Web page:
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Former USPS Worker Disciplined for Refusing to Focus on Sundays Appeals Case to Supreme Court

A former U.S. postal worker has appealed to the U.S. Supreme Court following a circuit court ruled that the U.S. Postal Service didn’t need to accept the employee’s request to be off on Sundays due to his Christian faith.

In accordance with The Christian Post, the appeal was filed by First Liberty Institute, the Church State Council, the Independence Law Center and Baker Botts LLP with respect to Gerald Groff.

The appeal argues that the ruling by way of a three-judge panel for the U.S. 3rd Circuit Court of Appeals violated Title VII of the Civil Rights Act of 1964 by discriminating against Groff’s religious beliefs. Title VII, the appeal says, “generally prohibits an employer from discriminating against an in- dividual ‘because of such individual’s religion.’ 42 U.S.C. 2000e-2(a)(1), (2).”

The appeal further notes that “The statute defines ‘religion’ to add ‘all areas of religious observance and practice, and also belief, unless an employer demonstrates he struggles to reasonably accommodate to an employee’s or prospective employee’s religious observance or practice without undue hardship on the conduct of the employer’s business.’ Id. 2000e(j).”

Later, the appeal urges the court to reconsider the 1977 Trans World Airlines, Inc.v.Hardisondecision,which declared “that employers could deny religious accommodations that impose ‘more when compared to a de minimis cost.'”

“In affirming summary judgment for USPS, the court of appeals held an employer may establish undue hardship merely by showing an accommodation burdens or inconveniences the plaintiff’s co-workers,” the appeal adds.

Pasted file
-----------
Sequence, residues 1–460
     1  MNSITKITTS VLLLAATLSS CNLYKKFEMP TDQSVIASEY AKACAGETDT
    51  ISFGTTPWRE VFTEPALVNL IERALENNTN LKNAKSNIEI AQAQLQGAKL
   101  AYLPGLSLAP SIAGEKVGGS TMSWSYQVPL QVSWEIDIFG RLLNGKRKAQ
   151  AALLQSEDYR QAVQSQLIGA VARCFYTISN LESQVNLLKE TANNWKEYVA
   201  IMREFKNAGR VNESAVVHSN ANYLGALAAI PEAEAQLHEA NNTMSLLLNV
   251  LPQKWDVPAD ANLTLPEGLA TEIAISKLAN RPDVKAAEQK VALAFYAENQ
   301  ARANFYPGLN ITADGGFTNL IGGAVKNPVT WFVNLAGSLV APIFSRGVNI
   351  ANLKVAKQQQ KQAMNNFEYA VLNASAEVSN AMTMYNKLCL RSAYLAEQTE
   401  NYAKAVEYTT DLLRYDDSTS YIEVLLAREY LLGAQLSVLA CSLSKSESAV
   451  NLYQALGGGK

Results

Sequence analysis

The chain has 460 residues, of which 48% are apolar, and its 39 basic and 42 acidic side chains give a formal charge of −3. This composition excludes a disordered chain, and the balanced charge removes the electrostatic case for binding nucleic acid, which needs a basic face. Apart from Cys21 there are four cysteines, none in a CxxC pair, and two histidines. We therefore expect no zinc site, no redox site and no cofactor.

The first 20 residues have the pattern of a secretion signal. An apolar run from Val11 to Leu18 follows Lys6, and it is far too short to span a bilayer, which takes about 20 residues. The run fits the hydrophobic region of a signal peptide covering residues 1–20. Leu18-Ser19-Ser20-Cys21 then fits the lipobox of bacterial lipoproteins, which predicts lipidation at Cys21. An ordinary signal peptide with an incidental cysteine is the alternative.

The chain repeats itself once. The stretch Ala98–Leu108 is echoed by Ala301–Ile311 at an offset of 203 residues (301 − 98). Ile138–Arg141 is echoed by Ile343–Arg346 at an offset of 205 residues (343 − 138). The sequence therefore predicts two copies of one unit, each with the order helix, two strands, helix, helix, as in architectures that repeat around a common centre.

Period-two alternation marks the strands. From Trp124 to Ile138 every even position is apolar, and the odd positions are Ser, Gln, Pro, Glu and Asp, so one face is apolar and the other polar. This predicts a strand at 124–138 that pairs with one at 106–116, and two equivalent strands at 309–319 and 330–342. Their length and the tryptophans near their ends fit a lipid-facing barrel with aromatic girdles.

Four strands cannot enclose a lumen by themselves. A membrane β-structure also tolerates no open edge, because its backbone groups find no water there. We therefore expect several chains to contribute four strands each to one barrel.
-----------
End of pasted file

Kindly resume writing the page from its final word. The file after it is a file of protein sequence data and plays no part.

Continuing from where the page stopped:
“Because religious expression is really a vital section of ‘a pluralistic society,’ it must be met with tolerance and accommodation, not silenced by way of a ‘heckler’s veto,'” it continued.

First Liberty Senior Counsel Stephanie Taub argued in a statement that “no American ought to be forced to select between their religion and their job.”

She continued, “We have been asking the Court to overturn a poorly-reasoned case from the 1970s that tips the total amount and only corporations and the federal government on the religious rights of employees.”

Randall Wenger of the Independence Law Center added, “Observing the Sabbath day is crucial to numerous faithsa day ordained by God. No-one ought to be forced to violate the Sabbath to carry employment.”

As Christian Headlines previously reported, Groff an Evangelical Christian was allegedly forced to resign from his mail carrier job with the USPS in 2019 after his religious exemption was revoked and he began consistently missing work shifts.

Groff first began doing work for the USPS in 2012. Once the post office made a decision to partner with Amazon in 2015, requiring mail carriers to provide packages on Sundays, Groff requested and was granted a religious exemption. Groff would cover other shifts through the week and on Saturdays in trade to be off on Sundays.

His exemption was discontinued after he used in the Holtwood, Pennsylvania office in July 2018. Groff started to face increased disciplinary actions at the job for refusing to focus on Sundays, and finally, he resigned from his position and sued the postoffice for discrimination.

U.S. District Judge Jeffrey L. Schmehl initially dismissed Groff’s suit in April 2021. Schmehl argued that Groff hadn’t successfully shown he was “treated differently in relation to Sundays because he was a Christian.”

Then in-may, after appealing the case, a three-judge panel for the U.S. 3rd Circuit Court of Appeals ruled in a 2-1 decision that the USPS could force Groff to focus on Sundays.

Related:

Appeals Court Rules against Christian Postal Employee Who Sued the USPS for Requiring Him to Focus on Sundays

Christian Postal Worker Sues USPS after Being Fired for Refusing to Work Sundays

Photo courtesy: Pope Moysuh/Unsplash


Kayla Koslosky has been the Editor of ChristianHeadlines.com since 2018. She’s B.A. degrees in English and History and previously wrote for and was the managing editor of theYellow Jacketnewspaper. She’s written on her behalfblogsince 2012 and contains also contributed toIBelieve.comandCrosswalk.com.

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